The free-trade agreement negotiated between the United States and Canada could more than double California's agricultural exports to Canada--which include wines and a wide range of fresh fruits and vegetables--according to trade experts in the state.
"The agreement could conceivably increase export of California agricultural products to Canada from the 1985 level of $420 million to $1 billion, once all barriers are removed," said trade consultant Scott D. Morse of Morse Merchant Agribusiness in San Francisco.
California exported $2.8 billion in farm goods last year, unchanged from 1985, ending five years of declines from the record $4.2 billion shipped abroad in 1981.
Morse based his estimate on computerized data he compiled on Canadian trade and trade barriers for the California State World Trade Commission, which published it last summer in the final volume of its three-part study, "Barriers to Trade."
The successful end last weekend to 16 months of sometimes rancorous bargaining came as global trade negotiations--the so-called Uruguay Round--are getting started under the auspices of the General Agreement on Tariffs and Trade in Geneva.
The pact must still be approved by Congress, however.
"It's one much-needed step in freeing up international trade," said Anne Chadwick, agricultural trade specialist with the State World Trade Commission. "It could open some market opportunities, and we think it would be beneficial to California in the long run."
More significantly, she said, the fact that Canada and the United States were able to negotiate a free-trade agreement "sends a strong signal" to other U.S. trade partners "that we are serious about liberalizing trade on a global basis."
Depends on Negotiations
Canada clearly stands to gain the most from the pact since it sells more than 75% of its exports to the United States, which ships only about 22% of its goods north. Trade between the two countries amounted to nearly $125 billion last year, but the United States ran a $13-billion trade deficit.
Maria Sampanis, trade specialist with the California Farm Bureau Federation, the state's largest organization of ranchers and farmers, also welcomed the successful end to negotiations and stressed the significance in terms of the Uruguay Round negotiations, which for the first time in decades is to take up agricultural trade.
But Sampanis noted that effectiveness of the free-trade pact will depend on subsequent negotiations designed to eliminate non-economic and technical barriers that can masquerade behind such otherwise legitimate concerns as keeping out farm pests.
According to consultant Morse, however, the positive effects far outweigh the negatives.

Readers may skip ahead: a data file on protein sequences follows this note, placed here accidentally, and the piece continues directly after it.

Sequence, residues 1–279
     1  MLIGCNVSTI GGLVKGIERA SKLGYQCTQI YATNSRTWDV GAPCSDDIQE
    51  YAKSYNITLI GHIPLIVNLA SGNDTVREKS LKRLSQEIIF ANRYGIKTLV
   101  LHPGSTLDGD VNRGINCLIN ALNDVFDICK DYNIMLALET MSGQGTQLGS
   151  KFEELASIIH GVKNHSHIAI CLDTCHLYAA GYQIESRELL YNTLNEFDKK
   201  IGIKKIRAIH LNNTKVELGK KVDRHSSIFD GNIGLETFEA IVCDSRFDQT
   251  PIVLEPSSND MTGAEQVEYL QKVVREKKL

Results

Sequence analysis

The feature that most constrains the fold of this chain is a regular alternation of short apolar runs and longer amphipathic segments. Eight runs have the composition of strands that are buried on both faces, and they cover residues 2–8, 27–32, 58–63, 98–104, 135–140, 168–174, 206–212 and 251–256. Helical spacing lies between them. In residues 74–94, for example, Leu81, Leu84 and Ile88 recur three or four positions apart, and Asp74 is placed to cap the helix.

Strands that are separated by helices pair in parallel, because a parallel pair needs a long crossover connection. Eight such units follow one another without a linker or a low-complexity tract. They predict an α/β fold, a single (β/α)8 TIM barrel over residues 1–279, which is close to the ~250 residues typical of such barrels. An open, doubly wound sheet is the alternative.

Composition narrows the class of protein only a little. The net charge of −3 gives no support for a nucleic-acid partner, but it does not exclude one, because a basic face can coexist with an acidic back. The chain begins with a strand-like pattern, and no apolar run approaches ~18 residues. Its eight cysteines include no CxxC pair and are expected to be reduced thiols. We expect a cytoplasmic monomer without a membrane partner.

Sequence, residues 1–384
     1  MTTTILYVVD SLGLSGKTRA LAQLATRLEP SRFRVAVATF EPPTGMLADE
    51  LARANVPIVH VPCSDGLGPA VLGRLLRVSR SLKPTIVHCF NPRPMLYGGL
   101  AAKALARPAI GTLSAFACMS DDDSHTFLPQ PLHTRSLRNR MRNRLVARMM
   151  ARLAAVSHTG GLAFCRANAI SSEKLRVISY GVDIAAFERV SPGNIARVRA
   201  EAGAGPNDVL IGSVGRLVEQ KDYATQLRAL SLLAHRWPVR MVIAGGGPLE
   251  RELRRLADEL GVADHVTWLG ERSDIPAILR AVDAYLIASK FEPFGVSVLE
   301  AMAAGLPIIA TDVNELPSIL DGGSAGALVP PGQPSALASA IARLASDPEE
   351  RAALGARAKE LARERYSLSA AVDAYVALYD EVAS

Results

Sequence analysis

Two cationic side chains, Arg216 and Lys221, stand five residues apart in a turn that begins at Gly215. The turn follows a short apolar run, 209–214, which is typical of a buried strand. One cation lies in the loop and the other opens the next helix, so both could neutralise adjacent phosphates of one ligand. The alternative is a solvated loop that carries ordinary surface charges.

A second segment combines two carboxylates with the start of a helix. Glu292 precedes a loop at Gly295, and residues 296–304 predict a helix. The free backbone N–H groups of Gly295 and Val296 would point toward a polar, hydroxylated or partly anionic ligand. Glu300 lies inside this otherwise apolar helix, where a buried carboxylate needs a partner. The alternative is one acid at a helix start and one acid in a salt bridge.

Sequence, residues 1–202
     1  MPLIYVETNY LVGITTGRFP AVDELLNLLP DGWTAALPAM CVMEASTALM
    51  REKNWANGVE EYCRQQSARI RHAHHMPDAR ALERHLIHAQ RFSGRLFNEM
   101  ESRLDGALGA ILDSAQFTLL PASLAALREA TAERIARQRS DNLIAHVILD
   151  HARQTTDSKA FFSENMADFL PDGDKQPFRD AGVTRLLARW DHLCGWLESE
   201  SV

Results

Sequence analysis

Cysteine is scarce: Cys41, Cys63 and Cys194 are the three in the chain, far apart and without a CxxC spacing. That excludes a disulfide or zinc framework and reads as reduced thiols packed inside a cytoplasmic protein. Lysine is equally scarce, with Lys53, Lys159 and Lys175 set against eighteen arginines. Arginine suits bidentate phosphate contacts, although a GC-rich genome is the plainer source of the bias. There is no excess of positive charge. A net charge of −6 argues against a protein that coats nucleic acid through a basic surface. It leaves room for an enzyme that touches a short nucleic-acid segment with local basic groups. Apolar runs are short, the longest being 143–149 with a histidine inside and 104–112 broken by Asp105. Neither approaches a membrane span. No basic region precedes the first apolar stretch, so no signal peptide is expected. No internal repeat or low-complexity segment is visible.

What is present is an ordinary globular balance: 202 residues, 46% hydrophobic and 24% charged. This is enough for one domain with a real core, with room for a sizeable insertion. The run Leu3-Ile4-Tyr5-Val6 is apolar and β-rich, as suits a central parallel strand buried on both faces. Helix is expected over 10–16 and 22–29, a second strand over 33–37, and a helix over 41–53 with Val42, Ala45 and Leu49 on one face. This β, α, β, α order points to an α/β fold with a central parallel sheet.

Phasing out tariffs will "significantly ease" sale of many kinds of fresh produce, ranging from asparagus, snap beans, broccoli and cauliflower to garlic, radishes, tomatoes, cherries, table grapes, peaches, plums and strawberries.
These commodities are subject to prohibitive seasonal duties that can be imposed at the discretion of Canadian commodity groups to protect domestic production at the peak of California's production, he said.
"That blanks out trade during those critical months," Morse said.
In addition, Canadian subsidies for transporting grain to U.S. ports virtually wiped out California's alfalfa exports in recent years, leading to closure of a number of processing mills in the state, he said.
But the greatest potential beneficiary of the treaty would likely be California's wine industry, Morse said.
The Canadian market is regulated by the provincial governments, whose liquor control boards have broad authority in selecting and displaying brands and imposing price markups on imported wines and spirits.
"If things work out as planned, it should really open up the market and mean some sizable gains for the wine industry," said Sam Folsom, spokesman for the Wine Institute, which represents California's wine industry. "It's already our biggest export market."
The U.S. shipped 2.6 million gallons of wine valued at $7.2 million to Canada last year, Folsom said, and about 95% of it came from California.
AGRICULTURE AND THE FREE-TRADE PACTThough details of the treaty--which must still win congressional approval--have yet to be disclosed, the broad points are known. If approved next year, the pact would take effect on Jan. 1, 1989. The first tariff reductions would be made a year later and continue until a true free-trade area is estabished by 2000. It provides for:
Elimination of all agricultural tariffs.
Ending Canadian transportation subsidies for grains shipped to the United States.
Phasing out of Canada's present surcharge imposed on imported alcoholic beverages.
Exempting both countries from meat-import quotas.
California's agricultural export markets, based on 1986 total value of $2.8 billion.
CANADA 16% EUROPE 26.5% TAIWAN 3% HONG KONG 6% S. KOREA 8% JAPAN 33% OTHER 7.5% Source: Morse Merchant Agribusiness, San Francisco; Calif. Dept. of Food and Agriculture
Los Angeles Times